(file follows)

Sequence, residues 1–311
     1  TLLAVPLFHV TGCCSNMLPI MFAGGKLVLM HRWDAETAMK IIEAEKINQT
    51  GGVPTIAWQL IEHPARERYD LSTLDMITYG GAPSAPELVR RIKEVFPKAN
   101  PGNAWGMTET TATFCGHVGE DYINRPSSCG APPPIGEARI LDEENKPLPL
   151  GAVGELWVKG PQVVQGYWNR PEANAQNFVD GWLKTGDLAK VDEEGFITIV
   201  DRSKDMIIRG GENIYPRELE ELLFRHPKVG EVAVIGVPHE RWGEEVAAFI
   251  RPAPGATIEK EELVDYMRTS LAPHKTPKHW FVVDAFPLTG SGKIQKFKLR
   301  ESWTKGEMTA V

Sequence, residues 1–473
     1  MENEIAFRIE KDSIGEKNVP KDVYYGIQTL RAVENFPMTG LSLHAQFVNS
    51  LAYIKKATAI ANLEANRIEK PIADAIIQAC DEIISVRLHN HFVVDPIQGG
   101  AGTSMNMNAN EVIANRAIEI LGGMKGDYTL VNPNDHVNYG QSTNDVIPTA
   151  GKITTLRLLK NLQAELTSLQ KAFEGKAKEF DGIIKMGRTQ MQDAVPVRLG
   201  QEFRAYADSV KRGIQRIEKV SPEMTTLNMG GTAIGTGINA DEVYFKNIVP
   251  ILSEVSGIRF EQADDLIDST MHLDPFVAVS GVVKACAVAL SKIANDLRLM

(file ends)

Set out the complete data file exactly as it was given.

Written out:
Sequence, residues 1–311
     1  TLLAVPLFHV TGCCSNMLPI MFAGGKLVLM HRWDAETAMK IIEAEKINQT
    51  GGVPTIAWQL IEHPARERYD LSTLDMITYG GAPSAPELVR RIKEVFPKAN
   101  PGNAWGMTET TATFCGHVGE DYINRPSSCG APPPIGEARI LDEENKPLPL
   151  GAVGELWVKG PQVVQGYWNR PEANAQNFVD GWLKTGDLAK VDEEGFITIV
   201  DRSKDMIIRG GENIYPRELE ELLFRHPKVG EVAVIGVPHE RWGEEVAAFI
   251  RPAPGATIEK EELVDYMRTS LAPHKTPKHW FVVDAFPLTG SGKIQKFKLR
   301  ESWTKGEMTA V

Sequence, residues 1–473
     1  MENEIAFRIE KDSIGEKNVP KDVYYGIQTL RAVENFPMTG LSLHAQFVNS
    51  LAYIKKATAI ANLEANRIEK PIADAIIQAC DEIISVRLHN HFVVDPIQGG
   101  AGTSMNMNAN EVIANRAIEI LGGMKGDYTL VNPNDHVNYG QSTNDVIPTA
   151  GKITTLRLLK NLQAELTSLQ KAFEGKAKEF DGIIKMGRTQ MQDAVPVRLG
   201  QEFRAYADSV KRGIQRIEKV SPEMTTLNMG GTAIGTGINA DEVYFKNIVP
   251  ILSEVSGIRF EQADDLIDST MHLDPFVAVS GVVKACAVAL SKIANDLRLM